Farm Productivity among Small Scale Vegetable Farmers in Lagelu Local Government Area of Oyo State, Nigeria

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International Journal of Research and Innovation in Applied Science (IJRIAS) | Volume VI, Issue VII, July 2021|ISSN 2454-6194

Farm Productivity among Small Scale Vegetable Farmers in Lagelu Local Government Area of Oyo State, Nigeria

K. O. Adelalu2, Isaac. O. Oyewo, (PhD)1*, M. D, Oyedele3, E.O. Oladipupo-Alade4
1Federal College of Forestry, Forestry Research Institute of Nigeria (FRIN) P.M.B. 5087 Jericho, Ibadan Oyo State Nigeria
2Ladoke Akintola University of Technology, P.M.B 4000 Ogbomoso
3,4Forestry Research Institute of Nigeria (FRIN), P.M.B. 5054 Jericho, Ibadan Nigeria

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The study examined small scale vegetable farmer’s farm productivity in Lagelu Local Government Area of Oyo State, Nigeria, using cross sectional data, well structured questionnaire was use to collect primary data from sixty vegetable farmers and analysed with use of descriptive, frequency, mean and inferential statistics. The result of the study showed that 55% of the vegetable farmers were male and between the working ages of 41- 50 years with mean age of 43.13 years, 75% were married with mean family size of 7 persons, and 63.6% of the farmers had one form of formal education, 75% of them source their credit through personal savings, 41.8% had between 11-20 years of farming experience with mean years of 16.87 years of experience, 54.8% had income of N 5000- N 22,000, 68.4% source their farm land through renting, 36.7% had farm size between 1.0-4. 9 hectares, 88.5% adopt inorganic fertilizer for vegetable production and almost all (93.6%) depends on rain fed vegetable farming. The inferential statistics revealed that farming experience (β=0.573, p<0.01) and extension agent contact (β=9.353, p<0.05) showed positive relationship with vegetable output. Inadequate credit facility, access to viable seed, and pest and disease were the major constraint to vegetable farming in the study.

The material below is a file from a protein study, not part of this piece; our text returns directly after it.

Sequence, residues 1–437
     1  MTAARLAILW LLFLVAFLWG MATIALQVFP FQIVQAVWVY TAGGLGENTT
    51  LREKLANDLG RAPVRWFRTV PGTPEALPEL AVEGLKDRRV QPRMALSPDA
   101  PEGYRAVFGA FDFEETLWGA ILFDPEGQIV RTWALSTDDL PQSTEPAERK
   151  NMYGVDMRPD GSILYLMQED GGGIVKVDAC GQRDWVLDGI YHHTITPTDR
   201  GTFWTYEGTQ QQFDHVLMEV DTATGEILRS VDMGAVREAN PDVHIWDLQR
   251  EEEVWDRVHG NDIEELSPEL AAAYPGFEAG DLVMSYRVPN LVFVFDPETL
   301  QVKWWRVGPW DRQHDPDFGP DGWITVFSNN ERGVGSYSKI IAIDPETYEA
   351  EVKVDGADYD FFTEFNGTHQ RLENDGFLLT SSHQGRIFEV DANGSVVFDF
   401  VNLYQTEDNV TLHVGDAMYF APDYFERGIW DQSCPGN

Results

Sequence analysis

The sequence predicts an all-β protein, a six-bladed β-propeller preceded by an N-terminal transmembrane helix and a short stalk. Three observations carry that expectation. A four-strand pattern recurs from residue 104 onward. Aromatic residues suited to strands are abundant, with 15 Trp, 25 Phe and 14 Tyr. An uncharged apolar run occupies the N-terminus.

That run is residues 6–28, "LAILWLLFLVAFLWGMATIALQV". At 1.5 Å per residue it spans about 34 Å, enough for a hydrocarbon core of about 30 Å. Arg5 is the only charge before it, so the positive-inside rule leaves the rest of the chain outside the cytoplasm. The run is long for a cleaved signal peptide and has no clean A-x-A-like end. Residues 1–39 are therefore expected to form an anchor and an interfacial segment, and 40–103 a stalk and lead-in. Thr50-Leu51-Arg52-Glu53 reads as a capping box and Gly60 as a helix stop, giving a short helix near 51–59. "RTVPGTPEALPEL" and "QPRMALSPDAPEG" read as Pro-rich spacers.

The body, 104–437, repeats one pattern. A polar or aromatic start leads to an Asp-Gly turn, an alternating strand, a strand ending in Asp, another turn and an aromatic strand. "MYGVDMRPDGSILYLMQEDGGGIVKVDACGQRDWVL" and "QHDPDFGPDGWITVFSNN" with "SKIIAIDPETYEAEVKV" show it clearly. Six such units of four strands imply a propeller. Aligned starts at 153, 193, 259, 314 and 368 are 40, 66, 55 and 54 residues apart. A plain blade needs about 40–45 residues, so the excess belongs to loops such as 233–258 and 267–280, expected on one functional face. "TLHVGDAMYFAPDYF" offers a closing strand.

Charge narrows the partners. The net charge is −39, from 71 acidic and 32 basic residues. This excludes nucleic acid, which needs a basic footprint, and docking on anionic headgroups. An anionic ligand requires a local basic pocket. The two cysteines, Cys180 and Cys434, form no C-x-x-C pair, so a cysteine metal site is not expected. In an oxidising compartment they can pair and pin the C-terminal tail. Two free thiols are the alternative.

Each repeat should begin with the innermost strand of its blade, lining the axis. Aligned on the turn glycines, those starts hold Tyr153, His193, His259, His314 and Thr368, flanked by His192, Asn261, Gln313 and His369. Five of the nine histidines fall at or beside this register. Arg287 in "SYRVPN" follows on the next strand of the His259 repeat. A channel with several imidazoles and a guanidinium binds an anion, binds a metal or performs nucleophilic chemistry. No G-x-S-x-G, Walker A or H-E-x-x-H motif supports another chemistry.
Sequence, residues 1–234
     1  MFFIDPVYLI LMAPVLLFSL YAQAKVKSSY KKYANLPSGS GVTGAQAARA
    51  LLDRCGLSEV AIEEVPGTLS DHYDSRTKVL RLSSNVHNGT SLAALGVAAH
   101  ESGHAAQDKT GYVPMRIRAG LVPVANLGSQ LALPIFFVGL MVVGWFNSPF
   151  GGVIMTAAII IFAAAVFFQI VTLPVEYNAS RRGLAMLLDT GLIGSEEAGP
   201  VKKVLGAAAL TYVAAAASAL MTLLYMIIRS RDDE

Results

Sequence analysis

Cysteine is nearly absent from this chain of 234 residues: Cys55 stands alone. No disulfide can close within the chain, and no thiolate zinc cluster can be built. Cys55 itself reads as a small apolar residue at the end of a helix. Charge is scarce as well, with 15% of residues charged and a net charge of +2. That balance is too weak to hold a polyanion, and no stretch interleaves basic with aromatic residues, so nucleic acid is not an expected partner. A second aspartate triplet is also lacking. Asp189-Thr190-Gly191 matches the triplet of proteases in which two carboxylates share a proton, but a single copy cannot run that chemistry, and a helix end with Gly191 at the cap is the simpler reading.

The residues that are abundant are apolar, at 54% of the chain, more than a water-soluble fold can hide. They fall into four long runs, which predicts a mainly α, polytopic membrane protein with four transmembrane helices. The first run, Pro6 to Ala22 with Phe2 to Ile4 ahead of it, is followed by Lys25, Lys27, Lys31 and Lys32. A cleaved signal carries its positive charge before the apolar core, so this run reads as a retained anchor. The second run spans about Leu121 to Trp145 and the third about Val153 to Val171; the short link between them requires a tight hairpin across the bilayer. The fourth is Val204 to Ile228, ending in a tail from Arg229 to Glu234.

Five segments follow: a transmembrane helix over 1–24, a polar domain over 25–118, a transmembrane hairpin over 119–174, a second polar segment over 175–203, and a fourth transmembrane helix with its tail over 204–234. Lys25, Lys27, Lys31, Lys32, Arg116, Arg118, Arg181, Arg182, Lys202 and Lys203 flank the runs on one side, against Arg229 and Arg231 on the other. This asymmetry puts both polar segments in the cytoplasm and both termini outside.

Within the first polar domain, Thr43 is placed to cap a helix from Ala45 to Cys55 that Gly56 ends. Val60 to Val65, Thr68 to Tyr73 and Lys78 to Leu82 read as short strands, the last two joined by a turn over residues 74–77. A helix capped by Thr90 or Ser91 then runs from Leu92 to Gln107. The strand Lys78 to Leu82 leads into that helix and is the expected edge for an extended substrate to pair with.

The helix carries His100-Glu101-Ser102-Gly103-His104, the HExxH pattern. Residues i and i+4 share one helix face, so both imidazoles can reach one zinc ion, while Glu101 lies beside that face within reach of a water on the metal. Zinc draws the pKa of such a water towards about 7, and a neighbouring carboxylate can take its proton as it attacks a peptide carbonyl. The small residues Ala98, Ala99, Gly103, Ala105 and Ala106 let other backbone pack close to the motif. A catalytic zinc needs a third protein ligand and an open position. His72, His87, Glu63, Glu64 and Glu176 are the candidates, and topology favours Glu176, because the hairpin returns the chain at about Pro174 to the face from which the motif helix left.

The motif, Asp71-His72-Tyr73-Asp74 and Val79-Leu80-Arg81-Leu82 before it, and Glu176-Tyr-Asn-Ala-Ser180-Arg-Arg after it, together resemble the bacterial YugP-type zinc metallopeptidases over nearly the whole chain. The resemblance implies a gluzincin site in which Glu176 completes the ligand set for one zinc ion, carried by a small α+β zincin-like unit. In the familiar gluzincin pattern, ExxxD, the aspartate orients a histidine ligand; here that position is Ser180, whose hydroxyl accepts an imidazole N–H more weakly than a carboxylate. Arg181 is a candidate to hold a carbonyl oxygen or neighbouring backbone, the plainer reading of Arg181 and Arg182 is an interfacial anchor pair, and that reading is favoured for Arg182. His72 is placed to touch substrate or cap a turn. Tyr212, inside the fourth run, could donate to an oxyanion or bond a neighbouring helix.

Keywords: Productivity, Small Scale, Vegetable farmers, Lagelu, Oyo State, Nigeria


In African countries especially in Nigeria vegetables crops are produced in different agro ecological zones through commercial as well as small scale farmers both as a source of income as well as source of food among the rural farmers (Kumilachew, 2014), the production of vegetables varies from cultivating plant into the back yards of home consumption up to large scale for domestic and export market (Dawit et al., 2004). Recently despite the ups and downs observed, the demand for vegetables especially for export is increasing (Tsegay, 2010). In fact vegetables can generate high income for farmers because of high market value and profitability they also have high nutritive value compared to cereals (Earo, 2000). Vegetables are important features of Nigerian’s diet that a traditional meal without it is assumed to be incomplete. Vegetable is an integral component of our daily food; it forms important condiment in the national diet (Ibekwe and Adesope, 2011). Naturally vegetable contains the essential nutrients needed for proper body development for instance it is a source of both micro and macro nutrients providing between 20 and 50 percent of iron vitamins and minerals needed in diets as well as roughage which promote digestion